Dr. Tamara Butler, who grew up on John's Island, returns home to lead the Avery
As an eighth grader, Dr. Tamara Butler won the 100 Black Men of America history competition, and the Avery Research Center for African American History and Culture congratulated her by presenting her with two books about the Black experience in early America. While the gift didn’t immediately spark a passion for African American studies in the John’s Island Geechee girl—that would come in graduate school—the exchange found a place in the archives of her memory, to be rediscovered two decades later. Last summer, Butler returned to the Lowcountry from the Midwest with two master’s degrees and a PhD to stand at the helm of the Avery. As executive director, she’s working to understand not only where the center has been but where it can go through partnerships, programming, and expansion. The dynamic leader also advises students at College of Charleston and Michigan State University, where she was an associate professor. She is co-authoring a book, to be published later this year, about community engagement with K-12 teachers. Perhaps, one day, Dr. Butler will present her text to an impressionable young academic and another spark will ignite. Here, she discusses her vision for the Avery.
CM: Why did you dedicate your career to African American studies?
TB: My family values knowing who we are, regardless of what others may tell us. My relatives aren’t degree-holding historians, but they understand that there’s power in documenting their own stories and there’s so much we haven’t learned. I went to Mount Zion Elementary, a short step from where The Progressive Club stands, but not once did my teachers intentionally talk about the center’s civil rights focus. Same with the Citizenship School. While I understood where I was from, it was my African American studies professors at Xavier and Ohio State who shifted my understanding of where I grew up. That catalyzed me.
CM: What’s your vision for the Avery Research Center?
TB: To so many community members, Avery is a cultural hub, an archive, and an event venue. But before Avery was a research center, it was a school. I want to come back to that. We do have an archive, museum, and reading room—and those are important. I want people to think differently about archives. We’re not a place with a bunch of untouched dusty boxes and a dehumidifier. We teach people to use and engage with the history in those boxes.
CM: How can Avery help bring our community together?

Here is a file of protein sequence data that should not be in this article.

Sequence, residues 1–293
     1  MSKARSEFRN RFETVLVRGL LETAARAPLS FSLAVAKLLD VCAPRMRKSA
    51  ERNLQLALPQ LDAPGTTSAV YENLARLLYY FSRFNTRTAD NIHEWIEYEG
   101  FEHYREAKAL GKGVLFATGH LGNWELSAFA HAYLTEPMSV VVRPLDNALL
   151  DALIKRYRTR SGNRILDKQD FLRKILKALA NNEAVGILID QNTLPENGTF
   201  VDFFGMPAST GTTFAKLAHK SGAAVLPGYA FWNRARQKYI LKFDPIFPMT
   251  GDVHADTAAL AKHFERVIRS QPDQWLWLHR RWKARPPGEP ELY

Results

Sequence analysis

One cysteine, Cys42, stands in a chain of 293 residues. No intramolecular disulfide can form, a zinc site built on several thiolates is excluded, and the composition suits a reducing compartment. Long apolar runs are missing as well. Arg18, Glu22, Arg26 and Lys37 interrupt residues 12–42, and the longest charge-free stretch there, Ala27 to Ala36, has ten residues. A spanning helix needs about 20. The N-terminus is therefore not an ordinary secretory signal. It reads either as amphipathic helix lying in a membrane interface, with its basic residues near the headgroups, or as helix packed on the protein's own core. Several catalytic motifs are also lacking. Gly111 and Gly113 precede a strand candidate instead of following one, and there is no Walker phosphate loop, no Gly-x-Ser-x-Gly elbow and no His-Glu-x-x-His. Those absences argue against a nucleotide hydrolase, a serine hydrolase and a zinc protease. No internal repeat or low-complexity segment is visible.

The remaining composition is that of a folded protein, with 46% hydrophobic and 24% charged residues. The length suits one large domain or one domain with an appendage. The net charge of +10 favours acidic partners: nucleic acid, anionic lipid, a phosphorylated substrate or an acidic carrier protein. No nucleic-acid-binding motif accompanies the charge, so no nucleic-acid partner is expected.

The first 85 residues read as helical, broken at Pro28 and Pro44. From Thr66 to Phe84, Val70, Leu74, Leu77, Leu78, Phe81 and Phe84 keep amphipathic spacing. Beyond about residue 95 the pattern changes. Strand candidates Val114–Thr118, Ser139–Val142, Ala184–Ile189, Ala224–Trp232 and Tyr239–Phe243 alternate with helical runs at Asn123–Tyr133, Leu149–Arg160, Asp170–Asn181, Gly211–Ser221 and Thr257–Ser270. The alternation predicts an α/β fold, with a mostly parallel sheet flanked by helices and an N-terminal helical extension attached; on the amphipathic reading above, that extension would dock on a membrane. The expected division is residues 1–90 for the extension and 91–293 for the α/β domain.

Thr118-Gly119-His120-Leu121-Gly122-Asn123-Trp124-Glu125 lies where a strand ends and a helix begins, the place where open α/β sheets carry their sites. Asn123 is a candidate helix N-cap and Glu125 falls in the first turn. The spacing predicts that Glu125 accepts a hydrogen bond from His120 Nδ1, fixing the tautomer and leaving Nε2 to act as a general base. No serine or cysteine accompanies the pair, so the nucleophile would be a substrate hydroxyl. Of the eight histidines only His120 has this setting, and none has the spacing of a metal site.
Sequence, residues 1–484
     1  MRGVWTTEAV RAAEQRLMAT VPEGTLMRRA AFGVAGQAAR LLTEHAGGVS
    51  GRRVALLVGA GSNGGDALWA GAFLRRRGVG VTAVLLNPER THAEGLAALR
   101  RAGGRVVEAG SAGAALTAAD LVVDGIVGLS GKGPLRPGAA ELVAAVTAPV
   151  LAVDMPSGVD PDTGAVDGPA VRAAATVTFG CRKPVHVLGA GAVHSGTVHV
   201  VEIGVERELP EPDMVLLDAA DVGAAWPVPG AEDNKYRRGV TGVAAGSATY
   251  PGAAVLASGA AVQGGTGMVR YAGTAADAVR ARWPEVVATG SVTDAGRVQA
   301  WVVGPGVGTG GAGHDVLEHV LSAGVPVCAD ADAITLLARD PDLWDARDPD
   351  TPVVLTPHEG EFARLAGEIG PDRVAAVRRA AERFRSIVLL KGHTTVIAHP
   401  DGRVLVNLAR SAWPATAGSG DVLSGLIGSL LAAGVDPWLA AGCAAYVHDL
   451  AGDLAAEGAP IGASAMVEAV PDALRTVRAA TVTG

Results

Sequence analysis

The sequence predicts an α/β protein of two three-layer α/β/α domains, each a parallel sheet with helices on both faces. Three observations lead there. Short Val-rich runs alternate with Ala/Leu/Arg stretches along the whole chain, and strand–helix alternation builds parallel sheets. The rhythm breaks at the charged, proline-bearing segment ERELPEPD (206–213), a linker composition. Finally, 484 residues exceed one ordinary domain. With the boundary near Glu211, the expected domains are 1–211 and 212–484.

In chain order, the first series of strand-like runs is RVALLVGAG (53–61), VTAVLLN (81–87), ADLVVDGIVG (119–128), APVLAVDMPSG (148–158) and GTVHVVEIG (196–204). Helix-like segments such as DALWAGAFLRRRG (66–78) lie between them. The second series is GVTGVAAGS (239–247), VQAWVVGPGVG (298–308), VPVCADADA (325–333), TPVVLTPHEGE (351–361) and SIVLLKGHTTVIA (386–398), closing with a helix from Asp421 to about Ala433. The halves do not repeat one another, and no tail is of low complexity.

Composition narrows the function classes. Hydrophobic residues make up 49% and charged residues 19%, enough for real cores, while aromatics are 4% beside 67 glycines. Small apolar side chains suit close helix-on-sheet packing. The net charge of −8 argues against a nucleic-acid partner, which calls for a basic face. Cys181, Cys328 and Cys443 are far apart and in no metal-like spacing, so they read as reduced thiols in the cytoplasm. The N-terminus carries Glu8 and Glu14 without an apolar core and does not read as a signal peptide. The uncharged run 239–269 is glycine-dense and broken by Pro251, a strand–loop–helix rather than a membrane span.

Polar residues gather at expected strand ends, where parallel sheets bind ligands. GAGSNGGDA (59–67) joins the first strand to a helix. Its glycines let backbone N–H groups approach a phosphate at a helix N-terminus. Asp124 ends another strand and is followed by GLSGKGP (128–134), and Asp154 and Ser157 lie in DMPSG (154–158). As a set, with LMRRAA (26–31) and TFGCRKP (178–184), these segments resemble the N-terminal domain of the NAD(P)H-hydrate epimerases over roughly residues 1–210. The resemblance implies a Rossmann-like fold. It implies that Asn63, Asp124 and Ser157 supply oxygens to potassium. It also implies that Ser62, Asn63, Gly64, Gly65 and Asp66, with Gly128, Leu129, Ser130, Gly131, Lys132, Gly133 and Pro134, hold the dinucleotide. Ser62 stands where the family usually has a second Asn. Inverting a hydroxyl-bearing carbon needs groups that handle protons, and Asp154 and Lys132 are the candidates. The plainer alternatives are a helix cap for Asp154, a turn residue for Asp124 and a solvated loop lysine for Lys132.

TB: The Avery has always been at the forefront of dismantling anti-Black racism and demonstrating that Black stories matter. A member of the libraries team noted that I talk about our archives as if they were a form of activism. That’s key. Lucille Whipper and so many founders believed this building should hold stories about Black Charleston, Black South Carolina, and beyond. One of the ways that we continue to disrupt racism, sexism, misogynoir [the specific discrimination experienced by Black women], homophobia, and other forms of xenophobia is to control how our stories are told.
CM: What are the center’s challenges?
TB: Space and funding, which go hand in hand. Right now, each of our staff wears at least three hats. We need to bring on more people, but we don’t have the office space. I want to renovate the building next door—123 Bull Street—into a meeting place, office space for student employees, and residence for a scholar or an artist-in-residence. That requires money. Also, I’ve learned that we have students, faculty, and staff who don’t even know Avery exists. I see a great opportunity to let people know we’re here.
CM: What are your plans for the future?
TB: My goal is for Avery to be a leader in Gullah-Geechee studies, an institution where people can be in conversation about the South Carolina sea islands and the Caribbean. We will also continue to train critical educators, not just in social studies and history but interdisciplinary fields. I’m really excited about the potential for an artist to make sense of our archives. College of Charleston has also introduced a master’s of arts concentration in public history. I want to work intentionally to recruit interested students, especially those of color.
Born: 1984 on John’s Island
Lives: With her plants in Berkeley County, “on the cusp of Summerville, Ladson, and Goose Creek”
Works: As executive director of the Avery Research Center for African American History and Culture and associate dean of Strategic Planning and Community Engagement at the College of Charleston Libraries